ARC's 1st Law: As a "progressive" online discussion grows longer, the probability of a nefarious reference to Karl Rove approaches one

Tuesday, October 17, 2006

You can put lipstick on a pig

but it's still a pig.

At least, that was my reaction when I read this article:

'Common Good' a New Theme for Democrats
Oct 16 3:28 PM US/Eastern

By RACHEL ZOLL
AP Religion Writer

One phrase stands out in Democratic speeches this campaign season.

Ned Lamont uses it in his Connecticut Senate race. President Clinton is scheduled to speak on the idea in Washington this week. Bob Casey Jr., Pennsylvania candidate for Senate, put it in the title of his talk at The Catholic University of America, then repeated the phrase 29 times.

The term is "common good," and it's catching on as a way to describe liberal values and reach religious voters who rejected Democrats in the 2004 election. Led by the Center for American Progress, a Washington think-tank, party activists hope the phrase will do for them what "compassionate conservative" did for the Republicans.

"It's a core value that we think organizes the entire political agenda for progressives," said John Halpin, senior fellow at the Center for American Progress. "With the rise of materialism, greed and corruption in American society, people want a return to a better sense of community, sort of a shared sacrifice, a return to the ethic of service and duty."
[...]
But he acknowledged that the strength of the "common good" as a unifying theme also is a weakness. The term is so broad it's hard to define and can be misinterpreted as a call for "big government," Perriello said. "The question right now is who is going to define it."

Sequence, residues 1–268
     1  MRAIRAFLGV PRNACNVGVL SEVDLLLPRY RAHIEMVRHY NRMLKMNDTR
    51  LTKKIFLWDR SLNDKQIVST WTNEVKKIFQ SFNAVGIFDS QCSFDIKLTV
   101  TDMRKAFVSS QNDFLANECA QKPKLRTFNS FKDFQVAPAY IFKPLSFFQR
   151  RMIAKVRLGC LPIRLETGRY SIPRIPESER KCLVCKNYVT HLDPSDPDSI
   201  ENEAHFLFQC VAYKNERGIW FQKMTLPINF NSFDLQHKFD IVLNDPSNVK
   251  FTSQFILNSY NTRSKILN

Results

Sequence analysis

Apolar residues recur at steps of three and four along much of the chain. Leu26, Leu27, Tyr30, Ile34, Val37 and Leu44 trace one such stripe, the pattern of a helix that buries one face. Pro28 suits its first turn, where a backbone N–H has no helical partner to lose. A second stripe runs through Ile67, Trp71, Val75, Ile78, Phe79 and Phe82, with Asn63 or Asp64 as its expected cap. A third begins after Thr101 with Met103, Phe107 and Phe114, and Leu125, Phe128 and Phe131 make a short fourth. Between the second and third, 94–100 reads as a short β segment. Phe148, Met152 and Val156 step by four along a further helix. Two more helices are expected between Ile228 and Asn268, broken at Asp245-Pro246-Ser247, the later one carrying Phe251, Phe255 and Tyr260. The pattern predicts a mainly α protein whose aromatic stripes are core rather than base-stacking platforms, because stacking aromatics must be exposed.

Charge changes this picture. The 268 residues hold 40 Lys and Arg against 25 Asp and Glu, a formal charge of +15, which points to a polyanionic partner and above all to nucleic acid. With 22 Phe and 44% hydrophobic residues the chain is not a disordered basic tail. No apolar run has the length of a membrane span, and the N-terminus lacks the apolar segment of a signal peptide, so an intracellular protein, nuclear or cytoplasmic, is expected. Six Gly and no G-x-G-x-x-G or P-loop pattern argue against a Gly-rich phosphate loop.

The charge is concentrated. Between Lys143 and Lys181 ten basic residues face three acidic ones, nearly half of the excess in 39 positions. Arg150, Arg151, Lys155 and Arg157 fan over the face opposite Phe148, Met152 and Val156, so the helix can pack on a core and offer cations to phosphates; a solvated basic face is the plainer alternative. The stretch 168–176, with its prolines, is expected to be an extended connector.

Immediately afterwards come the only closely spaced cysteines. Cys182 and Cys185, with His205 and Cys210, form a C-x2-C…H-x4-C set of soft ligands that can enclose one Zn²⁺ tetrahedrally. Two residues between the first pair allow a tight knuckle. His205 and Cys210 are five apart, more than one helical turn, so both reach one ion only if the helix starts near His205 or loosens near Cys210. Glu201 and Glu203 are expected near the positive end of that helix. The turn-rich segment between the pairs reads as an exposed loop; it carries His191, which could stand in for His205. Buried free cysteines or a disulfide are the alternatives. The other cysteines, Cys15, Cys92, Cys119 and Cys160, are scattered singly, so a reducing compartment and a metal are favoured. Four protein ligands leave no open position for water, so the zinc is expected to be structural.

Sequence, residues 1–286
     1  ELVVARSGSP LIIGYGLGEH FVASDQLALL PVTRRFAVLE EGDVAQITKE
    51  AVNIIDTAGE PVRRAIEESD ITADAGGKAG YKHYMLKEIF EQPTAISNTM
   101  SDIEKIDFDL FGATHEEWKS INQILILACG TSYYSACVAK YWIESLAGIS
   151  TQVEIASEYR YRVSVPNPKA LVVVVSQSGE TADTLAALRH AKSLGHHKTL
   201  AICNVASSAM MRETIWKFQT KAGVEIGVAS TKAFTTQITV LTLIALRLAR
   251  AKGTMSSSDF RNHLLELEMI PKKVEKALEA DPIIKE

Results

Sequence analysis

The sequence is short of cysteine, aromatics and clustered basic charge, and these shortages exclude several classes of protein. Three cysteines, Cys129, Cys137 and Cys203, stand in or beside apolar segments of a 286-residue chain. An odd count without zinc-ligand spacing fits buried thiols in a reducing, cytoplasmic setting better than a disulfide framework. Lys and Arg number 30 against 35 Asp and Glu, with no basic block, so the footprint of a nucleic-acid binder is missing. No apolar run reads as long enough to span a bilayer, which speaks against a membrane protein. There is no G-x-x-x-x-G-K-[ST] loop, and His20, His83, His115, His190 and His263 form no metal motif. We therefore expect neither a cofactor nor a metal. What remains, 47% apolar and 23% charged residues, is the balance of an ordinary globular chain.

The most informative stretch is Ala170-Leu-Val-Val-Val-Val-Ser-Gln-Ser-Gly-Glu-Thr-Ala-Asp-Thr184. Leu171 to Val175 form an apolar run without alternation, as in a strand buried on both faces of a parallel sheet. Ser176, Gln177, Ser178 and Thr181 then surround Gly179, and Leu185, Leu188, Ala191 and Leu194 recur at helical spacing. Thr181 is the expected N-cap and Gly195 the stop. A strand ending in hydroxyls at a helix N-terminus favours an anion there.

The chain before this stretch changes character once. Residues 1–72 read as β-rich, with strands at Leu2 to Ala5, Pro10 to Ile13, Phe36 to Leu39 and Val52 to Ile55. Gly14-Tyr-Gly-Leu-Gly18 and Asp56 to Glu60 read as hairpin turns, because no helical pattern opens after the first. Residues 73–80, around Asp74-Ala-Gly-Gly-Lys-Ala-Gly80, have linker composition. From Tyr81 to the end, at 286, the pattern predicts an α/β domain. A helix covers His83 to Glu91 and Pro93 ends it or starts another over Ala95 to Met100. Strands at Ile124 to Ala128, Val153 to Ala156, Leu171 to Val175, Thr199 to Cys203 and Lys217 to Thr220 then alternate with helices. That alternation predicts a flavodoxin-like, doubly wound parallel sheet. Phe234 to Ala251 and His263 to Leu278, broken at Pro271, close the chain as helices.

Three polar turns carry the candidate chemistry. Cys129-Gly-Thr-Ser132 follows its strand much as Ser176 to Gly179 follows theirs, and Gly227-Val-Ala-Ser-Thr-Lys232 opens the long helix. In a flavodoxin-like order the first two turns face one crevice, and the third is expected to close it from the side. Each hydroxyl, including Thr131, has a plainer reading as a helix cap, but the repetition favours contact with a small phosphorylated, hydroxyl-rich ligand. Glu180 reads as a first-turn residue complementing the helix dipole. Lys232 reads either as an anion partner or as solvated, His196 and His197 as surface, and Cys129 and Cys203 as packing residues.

Advocates say they don't want to tie the phrase to a laundry list of narrow policies, but intend to convey a broad philosophy of governing with a positive appeal.

It won't be easy. Under Roman Catholic teaching, promoting the "common good" would include opposing abortion _ a position both Santorum and Casey embrace _ and opposing gay marriage to protect human dignity and the family. "Common good" Democrats are generally changing how they talk about abortion, calling it a tragedy to avoid _ rather than a private issue. But most have not come out against the procedure.

"I would argue that the conservative evangelical and traditional Catholic stands on same-sex marriage and abortion are stances in favor of the common good," said Richard Land, head of the public policy arm of the Southern Baptist Convention and a supporter of President Bush.

"We believe that traditional marriage is the basic building block of society."

So, just because you use the phrase Common Good or "true American values" doesn't mean that people of faith will flock to your message. Your message has to be consistent with their beliefs regarding the Common Good.

I suspect that when most voters hear this phrase, they have the same reaction that I do: What a bunch of Commie pinkos....

In a related story, John Heilemann asks the question... what if the Dems lose? Or worse, what if they win?